Estate Planning is the process of how your assets and wealth will be distributed after you pass away. Since most people do not look forward to considering their passing, estate planning is often a neglected area of financial planning. Many people believe estate planning is something to consider when they are ill or approaching end of life, yet in reality much of estate planning should be done throughout your life. However, when considering your assets, there are only three options: family, charity & taxes.

We help clients maximize their estate to family and charity, while minimizing the amount of taxes paid to the government. One important item to note is we attribute Estate Planning to a much larger concept we refer to as Legacy Planning. In addition to passing on wealth, Legacy Planning involves the strategic transfer of family core values, knowledge & wisdom to the next generation and in turn the generations after them.


1) Complexity of your estate. The scope of the estate will often determine how simple or complicated the estate plan will need to be. Do you own multiple businesses with many assets, liabilities or trusts? Do you have a complex family dynamic with many people involved?  These factors as well as many more, add complexity to your estate planning. The more complex your estate planning needs, the more important it is to have conversations to develop a well-defined plan.

2) Stage in life. Do you have a young or a special needs family member who is dependent on you? Do you have elderly parents relying on your support? In those instances, your dependents will be a primary consideration in your planning. If you have adult children or grandkids, they could be another consideration when planning for your estate.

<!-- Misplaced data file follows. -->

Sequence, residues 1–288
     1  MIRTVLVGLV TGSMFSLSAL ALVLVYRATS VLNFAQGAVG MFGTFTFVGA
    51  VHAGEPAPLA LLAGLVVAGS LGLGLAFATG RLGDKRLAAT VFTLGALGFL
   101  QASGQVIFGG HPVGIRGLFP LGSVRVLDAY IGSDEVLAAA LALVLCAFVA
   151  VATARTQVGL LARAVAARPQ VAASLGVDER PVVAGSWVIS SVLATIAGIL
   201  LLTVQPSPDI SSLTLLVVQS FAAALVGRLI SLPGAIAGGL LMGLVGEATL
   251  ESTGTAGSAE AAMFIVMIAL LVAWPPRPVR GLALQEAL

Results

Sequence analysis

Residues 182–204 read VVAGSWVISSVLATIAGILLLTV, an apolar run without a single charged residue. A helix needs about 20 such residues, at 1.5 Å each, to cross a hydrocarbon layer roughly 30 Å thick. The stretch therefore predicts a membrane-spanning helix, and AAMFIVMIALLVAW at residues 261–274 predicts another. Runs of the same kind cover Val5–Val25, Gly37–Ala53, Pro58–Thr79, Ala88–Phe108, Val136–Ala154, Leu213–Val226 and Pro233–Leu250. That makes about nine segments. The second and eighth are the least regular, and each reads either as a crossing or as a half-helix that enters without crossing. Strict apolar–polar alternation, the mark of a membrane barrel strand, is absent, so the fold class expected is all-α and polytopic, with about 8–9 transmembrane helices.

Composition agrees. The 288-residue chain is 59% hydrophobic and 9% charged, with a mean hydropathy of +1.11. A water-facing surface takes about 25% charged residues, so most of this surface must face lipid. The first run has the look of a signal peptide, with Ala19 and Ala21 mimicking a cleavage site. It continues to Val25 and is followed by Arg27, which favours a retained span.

3) Personal goals. Are you creating an estate plan to provide for surviving children, grandchildren or other relatives? Do you want to ensure a partner or a family’s standard of living is sustainable after your passing? It’s essential to consider what is most important to you as you have conversations to create your estate plan.

4) Who do you trust? This includes choosing a trusted person or persons to act on your behalf should you become incapacitated while still alive, also known as a power of attorney. This also includes having a reliable and capable executor to carry out your instructions after death.


Like any other plan, creating an estate plan may seem intimidating. Let us help you get started with an estate planning checklist.

  • Create a list of all your assets (such as your house or other investments). Keep in mind that your will covers your entire estate i.e., everything you own. This list of assets will help you make decisions on whether you want to leave certain items to specific people or liquidate the items for cash in your estate.
  • Create a list of your liabilities (such as a mortgage or loans). This will help your executor know which debts need to be paid from your estate.
  • Ensure that you have named beneficiaries for your insurance and investments such as your TFSAs, RRSPs, etc. If there is a named beneficiary on a policy/account, it will go directly to that person rather than going through your estate. This can help to reduce taxes, and will allow payments to be made to beneficiaries much faster. Please ensure your will does not contradict your beneficiary designations.
  • Record all important estate planning information (life insurance policies, employer group policies, etc.) This will make it much easier for your executor(s) to manage your estate distribution.
  • Make note of any disability income insurance available for your care if needed. Also be sure to thoroughly document your desires in case you are incapacitated or unable to make decisions.


Regardless of how an estate plan is created – by an individual or with professional guidance – it’s important to revisit the plan every few years or when there's a significant life change. That  will ensure your estate plan keeps pace with your changing and best reflects your desires at every  stage in life.